Emerson admitted to not knowing much about Finch’s back-story. “The scripts come just before you shoot. I have an idea of how Finch got to be in the position he is in, but I don’t know particulars. And, I don’t know what rate those back stories will be revealed.”
“One of the things I loved about Lost and one of the things I loved about Michael,” Nolan states, “was the slow burn approach and also the use of flashbacks that deepened your understanding of the character. You enjoy spending time with these characters, which fundamentally is the proposition of TV. You start taking these people into your extended family. You start spending time with them at a different moment in their lives. It’s endless fun.”
Michael added, “I’m happy not to know where things are going.”
Regarding guest stars, Nolan said, “The procedural aspect of it lets us look at New York City one person at a time. Some of these characters will orbit back into view.”
As an engineer and programmer, I always feel a certain kinship with computer programmers and hackers in TV and Film. However, it always upsets me when these characters are portrayed as slovenly, social nitwits who never get to go outside. Thankfully, Finch is more than the cookie-cutter scientist and from the moment the show starts you see that he uses his social skills almost immediately.
Nolan responded, “I understand the need for those characters, but I always, always thought of Finch and could see the character from the beginning as someone with a bit of that split personality [with] social engineering [skills]. I thought it was a much more interesting story with both of these characters out interacting with people. You don’t want an actor interacting solely with a green screen computer.”
Emerson added, “One of the dimensions of the character was that he had con man skills. And, I think its fun that I actually get to successfully realize that in this show.”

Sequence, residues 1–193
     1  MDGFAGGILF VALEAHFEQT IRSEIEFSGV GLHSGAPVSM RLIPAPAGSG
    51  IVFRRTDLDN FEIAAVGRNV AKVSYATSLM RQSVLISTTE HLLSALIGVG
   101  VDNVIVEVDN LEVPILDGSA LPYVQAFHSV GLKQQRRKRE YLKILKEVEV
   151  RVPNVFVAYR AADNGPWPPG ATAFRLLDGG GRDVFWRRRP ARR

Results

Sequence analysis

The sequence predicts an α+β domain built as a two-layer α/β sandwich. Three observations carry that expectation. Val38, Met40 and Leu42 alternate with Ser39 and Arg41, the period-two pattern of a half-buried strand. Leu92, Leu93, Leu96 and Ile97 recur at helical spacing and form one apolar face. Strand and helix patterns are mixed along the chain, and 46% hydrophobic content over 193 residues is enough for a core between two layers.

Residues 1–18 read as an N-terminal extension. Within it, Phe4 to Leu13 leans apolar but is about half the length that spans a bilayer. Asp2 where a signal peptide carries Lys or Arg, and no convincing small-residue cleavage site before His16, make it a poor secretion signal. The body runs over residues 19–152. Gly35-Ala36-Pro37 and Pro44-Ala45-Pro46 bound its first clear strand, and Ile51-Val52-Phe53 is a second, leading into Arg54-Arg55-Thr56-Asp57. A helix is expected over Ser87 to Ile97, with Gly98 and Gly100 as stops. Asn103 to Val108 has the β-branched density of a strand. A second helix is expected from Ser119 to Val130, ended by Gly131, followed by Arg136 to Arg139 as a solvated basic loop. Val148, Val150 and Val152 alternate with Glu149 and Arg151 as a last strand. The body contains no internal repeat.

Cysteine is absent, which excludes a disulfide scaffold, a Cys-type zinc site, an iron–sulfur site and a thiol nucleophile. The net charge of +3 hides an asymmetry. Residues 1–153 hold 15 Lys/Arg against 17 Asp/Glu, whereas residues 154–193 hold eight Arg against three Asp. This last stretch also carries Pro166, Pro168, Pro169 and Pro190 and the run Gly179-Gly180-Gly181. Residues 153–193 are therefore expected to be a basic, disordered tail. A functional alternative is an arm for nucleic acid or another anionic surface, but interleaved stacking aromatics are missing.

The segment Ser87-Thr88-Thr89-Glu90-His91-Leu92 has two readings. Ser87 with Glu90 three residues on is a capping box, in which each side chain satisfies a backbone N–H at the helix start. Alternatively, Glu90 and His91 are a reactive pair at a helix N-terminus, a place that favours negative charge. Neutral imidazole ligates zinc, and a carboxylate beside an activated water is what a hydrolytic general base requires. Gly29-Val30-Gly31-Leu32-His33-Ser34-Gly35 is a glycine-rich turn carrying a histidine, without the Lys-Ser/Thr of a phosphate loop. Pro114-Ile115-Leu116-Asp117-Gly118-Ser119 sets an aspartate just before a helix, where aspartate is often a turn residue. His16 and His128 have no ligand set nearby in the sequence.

“You ain’t scene nothing yet,” laughed Nolan. “I’m drawn to characters with secrets and we have characters with magnificent secrets. The con man genre itself can be tricky. There is something a little depressing about those characters. Inevitably, you learn that there’s nothing in that person’s life. They can’t have anything. And, I think that’s the point of departure for us. Finch has real touch points. Real relationships.”
Regarding Finch’s disability, Emerson said, “I’m the authority on my own disability. When it came time to show those X-rays, they asked me ‘where do you think you’re really hurt.’ Some people thought he had a lower back problem.”
“It’s part of the fun of the endeavor, “Nolan said. “You work in a vacuum writing a pilot. Then you work in a team and you get pulled in very different directions. There are subtle transformations and paths that you take. “
Emerson adds, “As it goes along it becomes a coded conversation between the actors and writers. You send them a message with your performance and they send the message back with the next script as if to say we like this one thing that you do so we will honor it by including that or taking it further. It’s good that way.”
A major part of Person of Interest is the use and manipulations of information technology. Typically, viewers wonder when a show is crossing the line from reality into science fiction.
Nolan said, “The world tends to more closely resemble the world we present on the show. We actually have to do less work. Technology being a corner stone or a bedrock piece of it. It’s fun and exciting to take news stories as they come in and take on the latest example. [For example] The Murdock phone wire tapping case in the UK. Kind of a fascinating one for us. We had a phone call with the network shortly before that. Could you really spoof someone’s Caller ID calling? We do it in 1.02. It’s a tiny moment that flies by but it prompted a call with the network. It actually is helpful for us – a news story that validates our story.”
“We ask our writers to do a lot of their own research. We also have a couple of consultants we work with who are almost as secretive as Mr. Finch. They have code names. We’ve shown the script and materials to some very interesting people and frustratingly all they can tell us within their security clearance is that we’re closer to the mark than most people would imagine. We’ve also talked to some private sector people who work in information technology companies and talking to them is almost more frightening. Folks who work that do things like what we portray but for commercial reasons seem to suggest that there is. We are poised for this moment in human interaction with these information technologies we’ve embraced for efficiency and fun are about to start biting back in ways that people haven’t necessarily anticipated.
Person of Interest airs weekly on CBS.